, Volume 85, Issue 4, pp 545-554
Date: 10 May 2008

Early Onset of Overweight and Obesity among Low-Income 1- to 5-Year Olds in New York City

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Abstract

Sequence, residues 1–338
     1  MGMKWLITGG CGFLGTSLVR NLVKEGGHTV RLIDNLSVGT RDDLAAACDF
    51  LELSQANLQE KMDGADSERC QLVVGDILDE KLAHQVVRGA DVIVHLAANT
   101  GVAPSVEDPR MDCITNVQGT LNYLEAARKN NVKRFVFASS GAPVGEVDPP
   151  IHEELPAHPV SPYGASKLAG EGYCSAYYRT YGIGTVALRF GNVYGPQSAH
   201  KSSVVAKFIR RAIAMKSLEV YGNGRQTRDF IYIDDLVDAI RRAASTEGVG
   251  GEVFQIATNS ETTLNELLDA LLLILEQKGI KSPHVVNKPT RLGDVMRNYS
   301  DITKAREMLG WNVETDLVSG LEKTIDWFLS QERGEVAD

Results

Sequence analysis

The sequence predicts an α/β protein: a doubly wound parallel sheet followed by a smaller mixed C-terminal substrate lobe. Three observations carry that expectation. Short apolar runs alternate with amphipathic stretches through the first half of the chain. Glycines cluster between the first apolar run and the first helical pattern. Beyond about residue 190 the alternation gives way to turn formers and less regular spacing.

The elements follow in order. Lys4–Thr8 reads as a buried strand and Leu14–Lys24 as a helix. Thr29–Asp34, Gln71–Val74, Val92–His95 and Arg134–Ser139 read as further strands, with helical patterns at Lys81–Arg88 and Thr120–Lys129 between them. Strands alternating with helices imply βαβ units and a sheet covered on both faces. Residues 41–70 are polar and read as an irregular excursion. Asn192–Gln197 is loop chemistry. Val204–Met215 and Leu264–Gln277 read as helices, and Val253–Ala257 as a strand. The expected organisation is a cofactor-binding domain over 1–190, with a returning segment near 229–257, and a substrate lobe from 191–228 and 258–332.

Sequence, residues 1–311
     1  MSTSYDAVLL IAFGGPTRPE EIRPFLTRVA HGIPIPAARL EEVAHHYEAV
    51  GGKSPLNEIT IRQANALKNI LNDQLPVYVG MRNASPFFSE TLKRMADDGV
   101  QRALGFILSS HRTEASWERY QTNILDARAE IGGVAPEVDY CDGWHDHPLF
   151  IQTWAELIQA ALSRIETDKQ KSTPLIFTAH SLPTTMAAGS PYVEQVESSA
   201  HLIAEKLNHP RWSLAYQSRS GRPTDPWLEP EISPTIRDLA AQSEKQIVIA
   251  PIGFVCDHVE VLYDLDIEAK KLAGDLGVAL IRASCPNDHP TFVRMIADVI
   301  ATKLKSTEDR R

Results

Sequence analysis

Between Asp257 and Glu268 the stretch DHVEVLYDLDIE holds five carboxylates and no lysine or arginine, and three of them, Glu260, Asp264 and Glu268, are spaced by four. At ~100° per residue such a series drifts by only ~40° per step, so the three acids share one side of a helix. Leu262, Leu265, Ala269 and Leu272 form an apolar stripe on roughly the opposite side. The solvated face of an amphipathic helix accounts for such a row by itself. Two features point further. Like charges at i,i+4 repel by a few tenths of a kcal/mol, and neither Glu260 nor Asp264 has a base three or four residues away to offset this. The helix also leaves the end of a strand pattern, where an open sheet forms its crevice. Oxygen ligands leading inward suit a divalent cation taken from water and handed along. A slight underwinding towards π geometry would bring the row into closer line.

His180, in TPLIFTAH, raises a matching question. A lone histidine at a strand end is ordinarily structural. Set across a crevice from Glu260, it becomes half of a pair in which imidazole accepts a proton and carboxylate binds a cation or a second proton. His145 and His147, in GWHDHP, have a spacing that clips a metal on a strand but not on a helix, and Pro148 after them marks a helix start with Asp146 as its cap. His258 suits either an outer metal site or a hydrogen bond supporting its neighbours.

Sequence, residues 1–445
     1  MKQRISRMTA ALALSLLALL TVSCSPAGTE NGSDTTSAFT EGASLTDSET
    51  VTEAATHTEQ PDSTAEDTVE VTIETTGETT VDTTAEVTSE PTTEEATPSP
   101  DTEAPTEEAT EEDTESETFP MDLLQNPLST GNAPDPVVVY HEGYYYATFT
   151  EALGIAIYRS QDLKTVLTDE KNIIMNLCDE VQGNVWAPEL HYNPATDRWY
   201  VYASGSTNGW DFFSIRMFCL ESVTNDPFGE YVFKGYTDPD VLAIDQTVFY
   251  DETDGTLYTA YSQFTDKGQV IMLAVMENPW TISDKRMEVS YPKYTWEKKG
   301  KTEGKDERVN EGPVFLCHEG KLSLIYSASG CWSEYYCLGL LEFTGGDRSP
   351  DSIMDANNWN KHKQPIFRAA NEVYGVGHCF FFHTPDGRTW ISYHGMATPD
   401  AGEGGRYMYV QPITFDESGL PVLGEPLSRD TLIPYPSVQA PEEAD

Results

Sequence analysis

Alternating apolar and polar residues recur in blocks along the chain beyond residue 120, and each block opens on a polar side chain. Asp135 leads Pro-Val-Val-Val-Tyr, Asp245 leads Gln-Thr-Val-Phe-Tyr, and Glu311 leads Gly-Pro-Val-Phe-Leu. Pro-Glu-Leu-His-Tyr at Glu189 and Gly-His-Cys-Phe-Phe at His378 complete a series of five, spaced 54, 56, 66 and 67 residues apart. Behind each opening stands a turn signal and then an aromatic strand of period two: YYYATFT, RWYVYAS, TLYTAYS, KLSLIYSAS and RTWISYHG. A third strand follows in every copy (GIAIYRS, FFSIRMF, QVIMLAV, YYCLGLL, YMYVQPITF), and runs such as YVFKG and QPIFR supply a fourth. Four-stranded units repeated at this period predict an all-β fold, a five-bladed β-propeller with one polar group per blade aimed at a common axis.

Early-childhood obesity has reached epidemic proportions, particularly among low-income, minority, urban children. Understanding the progression of obesity prevalence rates from infancy through early childhood can inform public health efforts to combat this epidemic and create developmentally appropriate strategies. In this study, we assessed the prevalence of overweight and obesity among urban 1- to 5-year olds and estimated risk by age and gender. We surveyed the medical records of a random sample of 1,713 children seen at a New York City primary-care network. Outcome measures were weight-for-length for <2-year olds and body mass index for 2- to 5-year olds. Overweight was defined as percentiles ≥85% to <95%, obesity ≥95%. Analysis utilized chi-square, logistic regression, and z tests. Between 1 and 5 years of age, overweight increased 3.7% to 20.8% and obesity 7.5% to 29.8% (p < 0.01). Risk increased with age: compared with 1-year olds, 5-year olds were 8.2 times as likely (95% confidence interval (CI) = 5.5–12.21) to be overweight or obese. Boys were more likely to be obese than girls (adjusted odds ratio = 1.3; 95% CI = 1–1.64). Significant increases in overweight and obesity occurred between ages 1 and 3 years (overweight, 3.7% to 16%, p < 0.01; obesity, 7.5% to 30.2%, p < 0.01). Among urban children, more than half were overweight or obese by age 5. Overweight and obesity rates increased dramatically between the ages of 1 and 3 years. Interventions aimed at this age period may have the greatest impact at preventing childhood obesity.